An Executive Guide to Living and Working in Budapest
The beautiful, historic centre and the reasonable cost of living are just some of the reasons why you should begin your adventure in the Hungarian capital. Budapest is situated in Northern Hungary and is the country’s economic centre and home to many international companies. The capital has a population of 10 million and is built by the Danube River, which divides Budapest into the hilly left-bank Buda and the plain right-bank Pest, lending the city its name.
You will have no problem getting places. Budapest has an extensive public transport system which ranges from bus, train, tram to a boat and covers the entirety of the capital. Hungary also has a very well-developed healthcare system.
When you arrive in Hungary, you will notice some cultural differences compared to back home. The first and most obvious being the language. The official language of Hungary is Hungarian, however English and German are widely spoken, especially in the city centre of Budapest. There are also some business cultures that will vary from what you are used to. For example, invitations to dinners and cultural events are just as important as actual meetings in Hungary and an invite should be taken seriously.
Days off in the Hungarian Capital
Budapest is a beautiful, historic city which offers plenty to do on your day off! You can visit the neo-gothic structured parliament building or St. Stephen's Basilica, a large parish church which accommodates 8,500 people and features a magnificent 300ft neo-Renaissance dome. Take a cruise down the Danube river and appreciate the many sights of your new home, hopping off at the 19th century Fisherman’s Bastion which offers beautiful views of the river and the city. If you’re looking for an elegant night out, the Hungarian Opera House is the place to visit with both ballet and opera on offer. Budapest also has no shortage of unique museums for a fun family day out with the Chocolate Museum, a miniature exhibition museum Miniversum and the Hospital in the Rock which is a thrilling nuclear bunker museum. Alternatively, take time out from the world of tax and enjoy one of Budapest’s thermal springs which are said to have healing effects.
Cost of Living
There is plenty of competitively priced accommodation. In fact, the cost of living compared with New York City is 52.2% lower.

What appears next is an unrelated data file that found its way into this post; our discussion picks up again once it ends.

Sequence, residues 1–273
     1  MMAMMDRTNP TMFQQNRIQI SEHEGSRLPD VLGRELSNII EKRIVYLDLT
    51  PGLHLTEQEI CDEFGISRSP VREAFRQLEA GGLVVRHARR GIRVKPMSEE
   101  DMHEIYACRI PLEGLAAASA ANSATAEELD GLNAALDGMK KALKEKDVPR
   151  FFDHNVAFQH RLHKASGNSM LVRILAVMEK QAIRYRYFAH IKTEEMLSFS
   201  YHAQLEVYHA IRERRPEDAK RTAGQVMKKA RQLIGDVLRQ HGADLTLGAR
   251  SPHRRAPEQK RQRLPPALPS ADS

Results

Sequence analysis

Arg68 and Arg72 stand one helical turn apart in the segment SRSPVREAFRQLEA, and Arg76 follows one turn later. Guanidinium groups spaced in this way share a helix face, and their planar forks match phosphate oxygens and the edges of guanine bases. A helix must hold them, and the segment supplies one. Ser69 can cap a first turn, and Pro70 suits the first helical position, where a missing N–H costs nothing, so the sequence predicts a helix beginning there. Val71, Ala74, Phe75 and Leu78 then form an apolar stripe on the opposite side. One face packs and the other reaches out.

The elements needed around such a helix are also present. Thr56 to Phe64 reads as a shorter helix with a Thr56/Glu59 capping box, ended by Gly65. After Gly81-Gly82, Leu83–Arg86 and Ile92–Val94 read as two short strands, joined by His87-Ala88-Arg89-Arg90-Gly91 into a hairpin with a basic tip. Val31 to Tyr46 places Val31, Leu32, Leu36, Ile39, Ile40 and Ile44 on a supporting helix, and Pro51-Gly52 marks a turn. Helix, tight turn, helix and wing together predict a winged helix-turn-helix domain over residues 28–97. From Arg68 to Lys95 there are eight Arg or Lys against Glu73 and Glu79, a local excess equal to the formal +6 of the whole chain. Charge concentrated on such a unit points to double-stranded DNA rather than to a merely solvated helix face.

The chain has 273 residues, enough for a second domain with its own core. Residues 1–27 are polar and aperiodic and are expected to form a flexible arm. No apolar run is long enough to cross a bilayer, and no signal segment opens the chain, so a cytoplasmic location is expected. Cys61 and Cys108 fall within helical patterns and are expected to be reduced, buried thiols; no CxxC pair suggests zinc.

Rent: for a one-bedroom in the city centre ranges from €370 - €590
Commuter pass: €29.50
Domestic beer: €0.76
Finding Your New Home
Choosing a place to live in Budapest is a matter of personal preference: bustling, urban and exotic Pest or stately, comfortable and considerably quieter Buda. Most expats tend to live on the Buda side due to it being more peaceful, residential and offering many green spaces. Compared to other European cities, the rental costs in Budapest are relatively cheap. There are ten districts in Budapest with the first, second, fifth and twelfth districts being the most expensive. Once you have an idea of where you would like to settle down, you can begin looking for an apartment. There are numerous websites to aid in your property search:
There is also a Facebook group “Budapest Rentals” where you can get advice on which areas are best to live and see rentals from private landlords as soon as they post.
Family Life in Budapest
If you are relocating with children, there are numerous high-quality international schools within Budapest. Due to the growing number of expats in Budapest, the schools can be selective and spaces can sometimes fill up fast. Therefore, it is recommended to ensure schooling is a top priority for your relocation. Popular schools include the American International School of Budapest, the British International School of Budapest and the International School of Budapest.
What is there to do with young children in Budapest? There are plenty of activities for a fun day out with the kids, ranging from the Budapest Zoo to Aquaworld, a large indoor water park with its own 'Kid's World', complete with slides and a playhouse. The capital also boasts a large number of children’s playgrounds and green areas, a popular one being Millenáris Park. As with many other cities across Europe, there are also plenty extra-curricular activities city-wide both inside and outside the school playground. The Facebook page Expat Moms and Dads Budapest is a useful way to gain valuable information from other expat parents in the area, where common questions regarding schools and activities are addressed.
Expat communities are well-established in Hungary, especially within Budapest. Florian is an Austrian native who has lived in Budapest for 6 months. From his experience in the Hungarian capital, the city has a very good public transport system which means there is no need for a car, high standards of living and great value for money. There is a big expat scene making it extremely easy to get in contact with other expats either via meetups and Facebook.
There are numerous Facebook groups where you can begin making new friends and get answers to frequently asked questions.
- Work in Budapest
- English speaking Expats living in Budapest
- Budapest Expats
- Expat Info - Budapest
- Foreigners in Budapest
When asked what his one piece of advice was for expats moving to Budapest, Florian recommend that it is always good to leave the expat bubble sometimes to mingle with the locals and Budapest is more than just its inner districts with more to offer than what meets the eye.
If you are interested in a move to Budapest or anywhere else in the world and would like to speak to Kingpin International about international tax opportunities, please contact a member of the leadership team. Alternatively, please browse our current international tax vacancies.